While there is still a considerable amount of uncertainty surrounding the 2021 Draft class, one thing cannot be denied: There are some seriously talented high school shortstops to be had.
There is a distinct possibility there will be four prep shortstops taken in the top 10 of this year’s first round in July: Marcelo Mayer in California, Jordan Lawlar in Texas, Brady House in Georgia and Kahlil Watson in North Carolina. Should they all get taken that early, it will mark the first time that many high schoolers who play the premium position were selected in the top 10 in Draft history.
There have been three years in which three prep shortstops were taken in the top 10 since the Draft began in 1965, but it hasn't happened since 1980. And there have been some exciting tandems, with many scouts recalling when Francisco Lindor and Javier Báez came out in 2011, and more recently, the 2019 Draft that featured Bobby Witt Jr. and CJ Abrams up top.
This year also features a dynamic duo in Mayer and Lawlar, currently ranked first and second on MLB Pipeline’s Top 200 Draft prospects list. They are both in the mix to go No. 1 overall to the Pirates and could become the first pair of high school shortstops to go 1-2 in the Draft.
Much like back in early April when Jim Callis surveyed scouts and executives about their preference between Vanderbilt right-handers Jack Leiter and Kumar Rocker, we asked them again about the two names now at the top of our Draft rankings. The question was simple: Who would you take if given the choice between the two of them?
Any time evaluators are asked, there’s bound to be differing opinions and both young infielders have their supporters. It can get tricky to get answers on players so highly regarded since many teams didn’t spend a lot of time scouting them. If you pick in the 20s, you won’t have the chance to draft either. But both were at least seen regularly on the summer showcase circuit and into this spring, leading to a total of 20 respondents to the survey. It was Mayer from Eastlake High School in southern California who bested Lawlar, from Jesuit Prep in Texas, 13-7, though there clearly isn’t that much separating the two.
While both players have considerable tools, it appears there’s a bit more certainty in Mayer’s left-handed bat, giving him the edge over Lawlar, who most see as more athletic and perhaps with slightly more ceiling overall.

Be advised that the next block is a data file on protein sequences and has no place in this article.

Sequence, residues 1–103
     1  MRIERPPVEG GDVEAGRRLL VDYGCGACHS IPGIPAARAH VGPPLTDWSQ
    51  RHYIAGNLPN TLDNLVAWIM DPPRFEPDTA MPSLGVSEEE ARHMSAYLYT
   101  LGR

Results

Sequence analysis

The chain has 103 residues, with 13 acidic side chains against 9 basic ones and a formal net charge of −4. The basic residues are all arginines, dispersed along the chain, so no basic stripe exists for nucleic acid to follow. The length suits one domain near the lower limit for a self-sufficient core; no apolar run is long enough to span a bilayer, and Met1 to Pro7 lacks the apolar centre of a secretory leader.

“That’s tough,” one National League scouting executive said. “Mayer’s bat is better, Lawlar is the better shortstop and athlete. I guess I would go with Mayer since I always hedge towards the bat.”
“Mayer could be quicker to the big leagues with strong average to plus defense and strong average hit. He’s the safer pick,” an NL national cross-checker said. “Lawlar has the bigger upside with a chance to have more power and chance to stay at shortstop.”
There were differing opinions over who the best defender is, though scouts who think Mayer is as good, if not better, talked more about his steadiness at the position, while evaluators lauded Lawlar for his explosiveness and quick-twitch actions. And while Mayer’s offensive potential was mentioned often, Lawlar’s ceiling was brought up just as frequently.
“Lawlar has the better chance to stay at shortstop long-term and the bigger run tool is a separator for me,” one American League scouting director said.
“I lean Lawlar for upside and impact, the likelihood of sticking at shortstop, the athleticism and track record,” another AL scouting director said.
Some thought Mayer might look like the better pick early, but that Lawlar will prove to be the better player, one of the reasons why it doesn’t pay to evaluate a Draft until 10 years down the line.
“I think Mayer will go out early and have more success with the bat, but Lawlar will eventually catch him,” said a third AL director, who pointed out he hadn’t seem either of them much this spring. “A team would be lucky to get either guy.”
While comparisons to Major League players should be taken with a grain of salt, there were several ones brought up repeatedly for both players. Lawlar was a bit all over the place, but if you have a taller, athletic shortstop on your mind, he might fit. Carlos Correa, Xander Bogaerts, even 2019 Texas high school shortstop draftee Bobby Witt Jr., all came up, but the most complimentary comp was to Derek Jeter, not just with his actions, but with how he carries himself and his demeanor.
“Don't call me crazy, but he’s a poor man's Jeter,” that first AL scouting director said. “Not sure he will hit enough to be Jeter, but the kid has that kind of presence to him when you meet him. I was extremely impressed.”
Scouts have seen some Chipper Jones in Mayer, but the two names who came up more often were Corey Seager (think bigger left-handed bat at short) and Brandon Crawford.
“He’s like a combination of Seager and Crawford for me,” an NL national scout said. “But his body and the ease to the game he shows is more [Manny] Machado-esque.”
Two follow-up questions closed out the survey and garnered a variety of responses. The first was, “What player in the Draft, not just these two shortstops, would you take if you had the No. 1 pick?”
Five respondents mentioned Lawlar as one of two or three choices. Ten others had Mayer on their short lists, with Leiter the main third player brought up.
Of course, who they would take and who they think the Pirates will take could be very different answers, so they were asked for a prediction about what Pittsburgh will do with that first selection.
Eight at least mentioned Lawlar. Again, 10 gave Mayer a vote. Leiter and Louisville catcher Henry Davis were the other players brought up more than once.